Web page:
“I realize I could have killed that owl and no one would have ever known, but that’s not what I wanted,” Johnson said. “The owl was just doing what birds of prey do. If it ends up becoming a real pest, I’d rather see it moved than see it killed.”

Good for you, Nathanael. If more folks had your attitude, the world would be a safer place for raptors.

More on that record-breaking Pa. black bear

David Price and his 879-pound bruin

Pennsylvania Game Commission officials apparently are convinced that the 879-pound black bear killed last week in Pike County was taken legitimately.

An Associated Press report quoted PGC spokesman Jerry Feaser, who said bowhunter David Price did nothing illegal when he killed the animal.

The report also noted, however, that the bear was essentially tame. Employees of the nearby Fernwood Resort routinely fed the bear, which they had nicknamed “Bozo.” Resort groundskeeper Leroy Lewis said he began feeding the bear 17 years ago when it was a cub.

PGC officials had issued Lewis a warning in September for feeding the bear, which is illegal in the Keystone State. Feaser said bears fed by humans can end up creating a public nuisance.

The negative publicity surrounding the kill — some of it legitimate and some of it unfounded — has soured the experience for Price. He told the Pocono Record that the experience that should have been the pinnacle of his hunting career had been tainted.

Wife, mistaken for deer, killed by husband

Oh, my. This just in from the Associated Press:

HEIDELBERG, Miss. — Officials are investigating a deadly hunting incident in Jasper County.
WDAM-TV reports that the incident involved a husband and wife who were hunting Saturday and became separated near Heidelberg. The husband reportedly shot his wife after mistaking her for a deer.
The Mississippi Department of Wildlife, Fisheries and Parks is investigating the incident, along with the Jasper County Sheriff’s Department.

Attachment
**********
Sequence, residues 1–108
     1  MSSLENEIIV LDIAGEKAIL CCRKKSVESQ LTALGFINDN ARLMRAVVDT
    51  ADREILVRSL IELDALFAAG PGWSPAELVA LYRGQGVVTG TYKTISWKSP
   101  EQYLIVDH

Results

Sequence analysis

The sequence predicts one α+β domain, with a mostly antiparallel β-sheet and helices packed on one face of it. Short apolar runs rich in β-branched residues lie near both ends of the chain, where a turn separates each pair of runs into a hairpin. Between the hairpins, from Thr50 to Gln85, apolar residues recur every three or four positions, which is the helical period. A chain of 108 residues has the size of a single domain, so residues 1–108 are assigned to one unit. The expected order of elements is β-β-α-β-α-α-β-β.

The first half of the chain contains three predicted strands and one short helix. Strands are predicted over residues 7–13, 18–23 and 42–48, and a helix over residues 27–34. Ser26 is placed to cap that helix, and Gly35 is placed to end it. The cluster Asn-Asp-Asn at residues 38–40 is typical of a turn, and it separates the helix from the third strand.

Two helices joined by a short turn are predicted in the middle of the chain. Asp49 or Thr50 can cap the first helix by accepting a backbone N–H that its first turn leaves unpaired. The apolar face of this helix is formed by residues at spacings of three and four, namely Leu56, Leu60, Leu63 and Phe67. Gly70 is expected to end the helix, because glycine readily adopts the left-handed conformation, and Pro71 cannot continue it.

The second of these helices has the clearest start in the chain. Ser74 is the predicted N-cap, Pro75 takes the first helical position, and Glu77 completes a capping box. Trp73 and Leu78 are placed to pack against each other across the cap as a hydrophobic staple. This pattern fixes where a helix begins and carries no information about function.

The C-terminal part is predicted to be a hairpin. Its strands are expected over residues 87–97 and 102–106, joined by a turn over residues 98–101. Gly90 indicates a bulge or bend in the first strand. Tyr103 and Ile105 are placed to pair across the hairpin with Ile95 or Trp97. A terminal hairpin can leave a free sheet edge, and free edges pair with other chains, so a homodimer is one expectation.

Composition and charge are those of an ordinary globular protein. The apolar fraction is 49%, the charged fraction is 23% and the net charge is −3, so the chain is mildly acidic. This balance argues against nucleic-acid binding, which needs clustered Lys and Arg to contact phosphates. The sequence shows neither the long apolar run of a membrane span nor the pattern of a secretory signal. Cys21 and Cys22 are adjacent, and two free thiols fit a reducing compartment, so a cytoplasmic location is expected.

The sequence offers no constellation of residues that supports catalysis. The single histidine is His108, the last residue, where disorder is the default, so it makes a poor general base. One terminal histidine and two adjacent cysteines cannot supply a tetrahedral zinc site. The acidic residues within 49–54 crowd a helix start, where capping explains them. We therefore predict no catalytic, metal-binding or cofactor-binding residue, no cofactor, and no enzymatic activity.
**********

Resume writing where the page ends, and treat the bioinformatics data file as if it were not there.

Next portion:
Sheriff’s investigator Thad Windham confirmed a fatal shooting had occurred, but referred questions to the wildlife agency. An agency spokesman James Walker couldn’t be reached immediately for comment Monday.

Why — WHY — can’t people just make sure of their targets before they pull the trigger? Is bagging a deer really important enough to risk ending another human’s life in order to get a shot off more quickly?

We all know the answer to those rhetorical questions. So why don’t we act accordingly?

Who would shoot a koala?

Frodo's hospital photo

A baby koala, shot by an unknown attacker, is in critical condition at the Australia Zoo Wildlife Hospital.

The joey, nicknamed “Frodo” by her caregivers, suffered 15 shotgun-pellet wounds to her body and skull. Her mother, who was also shot, didn’t survive.

The Sydney Morning Herald has the full story.

Koalas are a protected species in Australia, much as bald eagles are in the United States. Shooting a koala carries a $225,000 fine. It boggles the mind that someone would take such a chance — especially since koalas are such placid and benign creatures.

Here’s hoping Frodo survives — and that authorities find the shooter.

A sure-fire cure for wildlife poaching

Is the ivory really worth dying for?

If recent events are any indication, the Kenyan government is through messing around with poachers who kill elephants.

In two separate incidents, Kenyan wildlife agents shot dead three poachers in the past week. If that seems a little harsh, consider that ivory poachers often shoot back. Such was the case in at least one of the two incidents.

Reuters Africa has the full story.

One thing’s for sure; the three men who were killed will never poach again. The recidivism rate for dead poachers is exactly zero.